Learn About Craniofacial Microsomia
Craniofacial microsomia (CFM) is the second most common birth defect that affects the face after cleft lip and palate. In patients with craniofacial microsomia, part of the face appears smaller than normal, and often other structures – including the eyes, ears, cheek and jaw bones – are also affected.
What is Craniofacial Microsomia?
Although there is no definitive consensus among experts, it is thought that craniofacial microsomia represents a spectrum of conditions, and the features can occur in variable combinations and can range from very mild to severe.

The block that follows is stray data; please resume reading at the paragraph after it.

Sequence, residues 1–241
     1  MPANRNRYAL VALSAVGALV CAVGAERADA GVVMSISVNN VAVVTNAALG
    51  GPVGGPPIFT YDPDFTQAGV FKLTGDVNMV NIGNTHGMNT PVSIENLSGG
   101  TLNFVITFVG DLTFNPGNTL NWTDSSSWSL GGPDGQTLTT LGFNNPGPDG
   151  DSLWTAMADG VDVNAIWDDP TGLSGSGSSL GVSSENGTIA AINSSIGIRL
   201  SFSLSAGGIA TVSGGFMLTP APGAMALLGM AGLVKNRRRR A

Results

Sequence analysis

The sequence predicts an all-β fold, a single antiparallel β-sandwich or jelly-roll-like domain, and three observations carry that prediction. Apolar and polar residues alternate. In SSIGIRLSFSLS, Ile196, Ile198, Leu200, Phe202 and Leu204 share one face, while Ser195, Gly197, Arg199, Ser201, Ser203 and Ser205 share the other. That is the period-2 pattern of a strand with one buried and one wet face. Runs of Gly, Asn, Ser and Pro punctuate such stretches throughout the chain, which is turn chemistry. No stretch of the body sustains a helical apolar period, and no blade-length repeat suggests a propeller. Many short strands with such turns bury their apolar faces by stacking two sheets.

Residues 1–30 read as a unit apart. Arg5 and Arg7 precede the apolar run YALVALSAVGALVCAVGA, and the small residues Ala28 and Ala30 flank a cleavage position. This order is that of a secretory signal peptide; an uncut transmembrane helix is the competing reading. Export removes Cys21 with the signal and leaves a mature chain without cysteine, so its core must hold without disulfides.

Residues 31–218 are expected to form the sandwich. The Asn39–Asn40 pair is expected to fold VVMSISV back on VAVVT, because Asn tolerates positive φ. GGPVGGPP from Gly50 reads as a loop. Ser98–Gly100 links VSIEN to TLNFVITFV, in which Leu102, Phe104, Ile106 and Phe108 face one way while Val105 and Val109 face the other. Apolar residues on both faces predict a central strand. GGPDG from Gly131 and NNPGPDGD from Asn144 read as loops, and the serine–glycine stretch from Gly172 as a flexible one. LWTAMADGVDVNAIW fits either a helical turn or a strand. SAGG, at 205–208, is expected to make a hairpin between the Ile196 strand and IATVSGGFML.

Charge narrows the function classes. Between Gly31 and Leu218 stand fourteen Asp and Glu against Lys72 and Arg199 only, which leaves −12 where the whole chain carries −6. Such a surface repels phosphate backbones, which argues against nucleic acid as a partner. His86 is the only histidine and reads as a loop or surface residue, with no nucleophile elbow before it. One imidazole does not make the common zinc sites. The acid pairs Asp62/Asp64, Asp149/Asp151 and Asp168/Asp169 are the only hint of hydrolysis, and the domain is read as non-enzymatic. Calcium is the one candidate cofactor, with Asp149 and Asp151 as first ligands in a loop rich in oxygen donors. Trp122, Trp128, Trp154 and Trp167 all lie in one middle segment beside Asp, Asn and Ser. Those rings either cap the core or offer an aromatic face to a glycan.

Craniofacial microsomia is also sometimes referred to as first and second branchial arch syndrome or oculo-aural-vertebral syndrome.
In 85-90% of cases, only one side of the face is affected – most commonly the right side. This is often referred to as hemifacial microsomia, a condition that results in one side of the face being smaller or underdeveloped relative to the other side, resulting in facial asymmetry. Hemifacial microsomia typically affects the ear, mouth, and jaw. Sometimes, structures such as an ear or jaw bones, may be missing. Typically, only the lower part of the face is affected. However, the eye and forehead may also be affected in more severe cases.